Should You Have Pregnancy Sex?

As a young woman, you spend so much time worrying about accidentally getting pregnant before you are ready to be a mom. The older you get, your worries shift toward the possibility that you may not even be able to get pregnant when you want to. The years of taking hormonal birth control and the age of your eggs is suddenly forefront in your mind. When you do finally have a little bun in the oven, it opens up a whole new world of stresses and concerns, not the least of which is the question: should you have pregnancy sex?

For many women, it may sound silly to question whether having sex while you are pregnant is a good idea. Why wouldn't it be? You don't have to think about birth control — that ship has sailed — and it's no longer the kind of stressful, scheduled, and routine sex that revolves around calendars, message boards, ovulation sticks, and basal thermometers. You are free to have a regular old roll in the hay. What could be better? Yet, not everyone is ready to get their freak on right after they see that little plus sign, especially if they have been trying to get pregnant for awhile.

A woman who is experiencing morning sickness or has severe exhaustion early in her pregnancy is probably not going to be in the mood. There are also men who are reluctant to have intercourse with their pregnant partners because they don't want to hurt the baby. If your partner is one of these guys, you can ease his mind. “Sex during pregnancy is extremely safe for most women with uncomplicated, low-risk pregnancies,” Dayna Salasche, associate professor of obstetrics and gynecology at Feinberg School of Medicine, told WebMd. "Your baby can't see you. He doesn't know what you are doing, and he is well protected inside the womb."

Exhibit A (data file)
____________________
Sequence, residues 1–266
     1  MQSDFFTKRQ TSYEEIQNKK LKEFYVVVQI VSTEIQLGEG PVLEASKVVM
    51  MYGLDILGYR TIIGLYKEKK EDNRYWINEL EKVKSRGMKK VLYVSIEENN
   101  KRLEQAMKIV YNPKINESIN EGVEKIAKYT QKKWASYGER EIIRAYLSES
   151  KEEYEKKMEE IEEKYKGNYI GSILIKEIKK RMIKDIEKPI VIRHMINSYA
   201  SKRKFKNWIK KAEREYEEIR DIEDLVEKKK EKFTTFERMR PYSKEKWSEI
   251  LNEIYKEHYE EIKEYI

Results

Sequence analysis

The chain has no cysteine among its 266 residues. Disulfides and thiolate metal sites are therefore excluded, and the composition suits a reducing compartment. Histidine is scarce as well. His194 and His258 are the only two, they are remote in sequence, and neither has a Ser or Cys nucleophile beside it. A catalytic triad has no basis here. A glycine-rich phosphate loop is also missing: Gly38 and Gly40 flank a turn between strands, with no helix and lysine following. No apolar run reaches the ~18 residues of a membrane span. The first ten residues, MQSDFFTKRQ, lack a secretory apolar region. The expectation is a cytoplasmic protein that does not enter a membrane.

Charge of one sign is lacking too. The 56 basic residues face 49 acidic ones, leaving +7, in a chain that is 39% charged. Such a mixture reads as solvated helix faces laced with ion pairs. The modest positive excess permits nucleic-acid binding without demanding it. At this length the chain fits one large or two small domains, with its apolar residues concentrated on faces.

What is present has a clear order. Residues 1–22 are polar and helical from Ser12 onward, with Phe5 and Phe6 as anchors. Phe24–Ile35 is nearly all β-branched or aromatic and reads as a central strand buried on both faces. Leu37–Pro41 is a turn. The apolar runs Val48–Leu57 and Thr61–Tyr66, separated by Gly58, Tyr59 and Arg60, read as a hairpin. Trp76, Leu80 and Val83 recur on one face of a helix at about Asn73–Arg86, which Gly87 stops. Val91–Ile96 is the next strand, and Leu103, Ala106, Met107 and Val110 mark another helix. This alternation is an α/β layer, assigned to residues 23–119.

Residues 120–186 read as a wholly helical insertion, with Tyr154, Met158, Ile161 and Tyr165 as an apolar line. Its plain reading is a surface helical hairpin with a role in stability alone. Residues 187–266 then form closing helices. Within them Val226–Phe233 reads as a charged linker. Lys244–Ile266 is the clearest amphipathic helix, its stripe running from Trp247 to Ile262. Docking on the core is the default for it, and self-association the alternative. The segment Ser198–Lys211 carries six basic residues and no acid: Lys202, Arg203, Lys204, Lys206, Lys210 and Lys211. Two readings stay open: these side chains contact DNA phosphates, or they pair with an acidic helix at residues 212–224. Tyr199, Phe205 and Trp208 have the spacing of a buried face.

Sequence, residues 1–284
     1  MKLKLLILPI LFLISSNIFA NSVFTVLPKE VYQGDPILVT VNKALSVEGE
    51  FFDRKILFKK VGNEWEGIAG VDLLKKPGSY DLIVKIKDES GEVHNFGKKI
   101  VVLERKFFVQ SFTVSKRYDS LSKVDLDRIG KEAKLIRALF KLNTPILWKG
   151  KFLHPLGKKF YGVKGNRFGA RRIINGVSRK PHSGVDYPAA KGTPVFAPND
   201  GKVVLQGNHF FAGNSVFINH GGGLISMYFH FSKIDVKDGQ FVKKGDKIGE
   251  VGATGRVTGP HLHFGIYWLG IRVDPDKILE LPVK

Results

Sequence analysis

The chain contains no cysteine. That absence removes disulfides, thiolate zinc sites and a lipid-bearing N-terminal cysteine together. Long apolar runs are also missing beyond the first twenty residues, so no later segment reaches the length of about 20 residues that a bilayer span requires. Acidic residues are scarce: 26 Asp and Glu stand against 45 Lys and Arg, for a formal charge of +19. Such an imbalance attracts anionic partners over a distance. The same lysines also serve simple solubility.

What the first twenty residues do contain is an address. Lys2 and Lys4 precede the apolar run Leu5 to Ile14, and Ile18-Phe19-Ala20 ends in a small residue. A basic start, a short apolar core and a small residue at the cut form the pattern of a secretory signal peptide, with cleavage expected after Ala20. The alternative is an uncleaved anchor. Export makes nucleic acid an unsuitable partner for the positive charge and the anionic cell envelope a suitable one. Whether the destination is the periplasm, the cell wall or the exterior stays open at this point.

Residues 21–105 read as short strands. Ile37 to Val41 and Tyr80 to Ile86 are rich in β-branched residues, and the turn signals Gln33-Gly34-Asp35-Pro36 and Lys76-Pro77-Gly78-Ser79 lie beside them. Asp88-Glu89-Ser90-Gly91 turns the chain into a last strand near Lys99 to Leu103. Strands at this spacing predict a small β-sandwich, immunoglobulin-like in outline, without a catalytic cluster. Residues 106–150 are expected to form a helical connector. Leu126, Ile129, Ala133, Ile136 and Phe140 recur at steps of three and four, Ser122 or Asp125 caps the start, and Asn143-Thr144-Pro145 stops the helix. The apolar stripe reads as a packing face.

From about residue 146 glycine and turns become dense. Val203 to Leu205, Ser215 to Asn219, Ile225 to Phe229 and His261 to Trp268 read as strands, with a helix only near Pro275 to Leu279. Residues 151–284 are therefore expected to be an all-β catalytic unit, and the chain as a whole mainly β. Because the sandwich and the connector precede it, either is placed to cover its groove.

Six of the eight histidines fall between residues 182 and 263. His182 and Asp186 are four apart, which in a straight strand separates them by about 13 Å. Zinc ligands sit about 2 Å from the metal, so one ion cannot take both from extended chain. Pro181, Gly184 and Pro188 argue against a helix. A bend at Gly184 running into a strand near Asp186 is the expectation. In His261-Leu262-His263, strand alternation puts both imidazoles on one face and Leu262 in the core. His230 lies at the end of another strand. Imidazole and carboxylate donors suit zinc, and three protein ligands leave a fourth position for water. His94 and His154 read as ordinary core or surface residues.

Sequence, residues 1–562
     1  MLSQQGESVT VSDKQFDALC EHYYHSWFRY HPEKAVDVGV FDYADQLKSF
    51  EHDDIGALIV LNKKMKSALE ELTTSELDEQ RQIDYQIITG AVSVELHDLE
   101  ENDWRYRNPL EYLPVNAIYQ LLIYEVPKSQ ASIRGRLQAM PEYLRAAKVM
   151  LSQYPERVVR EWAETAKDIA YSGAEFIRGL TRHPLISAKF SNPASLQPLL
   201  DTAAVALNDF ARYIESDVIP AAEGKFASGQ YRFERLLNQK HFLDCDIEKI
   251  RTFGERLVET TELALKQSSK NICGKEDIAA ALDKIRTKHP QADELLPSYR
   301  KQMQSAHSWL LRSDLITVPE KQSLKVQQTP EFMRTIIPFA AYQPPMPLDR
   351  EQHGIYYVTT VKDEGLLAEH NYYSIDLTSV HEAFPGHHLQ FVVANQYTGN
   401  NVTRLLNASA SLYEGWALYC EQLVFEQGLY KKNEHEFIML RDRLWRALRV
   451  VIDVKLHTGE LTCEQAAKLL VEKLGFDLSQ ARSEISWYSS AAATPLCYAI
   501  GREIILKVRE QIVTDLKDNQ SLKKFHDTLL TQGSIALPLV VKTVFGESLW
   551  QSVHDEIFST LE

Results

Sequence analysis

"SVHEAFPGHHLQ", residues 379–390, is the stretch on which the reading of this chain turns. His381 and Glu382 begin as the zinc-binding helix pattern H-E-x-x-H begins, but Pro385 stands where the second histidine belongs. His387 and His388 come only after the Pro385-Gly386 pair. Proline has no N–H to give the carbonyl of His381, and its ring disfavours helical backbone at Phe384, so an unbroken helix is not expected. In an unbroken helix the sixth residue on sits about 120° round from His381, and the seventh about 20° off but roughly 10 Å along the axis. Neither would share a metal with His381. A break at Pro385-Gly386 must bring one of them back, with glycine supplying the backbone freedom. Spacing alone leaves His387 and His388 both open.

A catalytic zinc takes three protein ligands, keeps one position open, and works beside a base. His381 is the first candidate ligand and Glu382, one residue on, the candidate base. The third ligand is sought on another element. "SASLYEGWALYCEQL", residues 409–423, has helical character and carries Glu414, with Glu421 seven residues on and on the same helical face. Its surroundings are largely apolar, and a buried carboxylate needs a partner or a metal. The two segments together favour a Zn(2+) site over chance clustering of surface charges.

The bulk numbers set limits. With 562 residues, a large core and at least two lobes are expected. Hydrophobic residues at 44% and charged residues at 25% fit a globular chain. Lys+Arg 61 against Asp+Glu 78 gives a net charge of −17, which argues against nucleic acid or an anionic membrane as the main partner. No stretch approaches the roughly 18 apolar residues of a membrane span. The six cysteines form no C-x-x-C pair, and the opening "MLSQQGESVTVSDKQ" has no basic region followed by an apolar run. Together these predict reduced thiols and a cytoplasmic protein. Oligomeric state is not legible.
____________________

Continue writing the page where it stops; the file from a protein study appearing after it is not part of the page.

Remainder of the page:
By the time the second trimester rolls around, moms-to-be get a surge estrogen and progesterone, which, according to The Bump, helps boost your desire for sex. Some partners are completely turned on by the body changes brought on during pregnancy, especially your second trimester curves and increase in breast size. WebMD points out that the additional lubrication and engorgement in a mom-to-be's genital area can make sex more satisfying.

Of course, there are occasions when having pregnancy sex is not a good idea. The Mayo Clinic warns that if you’re at risk of preterm labor, your doctor will likely recommend that you avoid intercourse because the prostaglandins in semen can cause uterine contractions. Some doctors may ban all sexual contact, as orgasm while pregnant and nipple stimulation may also cause uterine contractions.

Other reasons your doctor may want you to keep from having sex are: unexplained vaginal bleeding, leaking amniotic fluid, cervical incompetence (your cervix is opening prematurely), placenta previa (your placenta partly or completely covers your cervical opening), having had preterm labor or premature birth in a prior pregnancy, or if you are carrying multiples.

Because a pregnant woman's libido can change from one day to the next, you should listen to your body and follow its cues. Not in the mood? Don't have sex. Really want to and the doctor says it's OK? Go for it! Pregnancy is a temporary situation and you have to do what's best for you and your baby-to-be.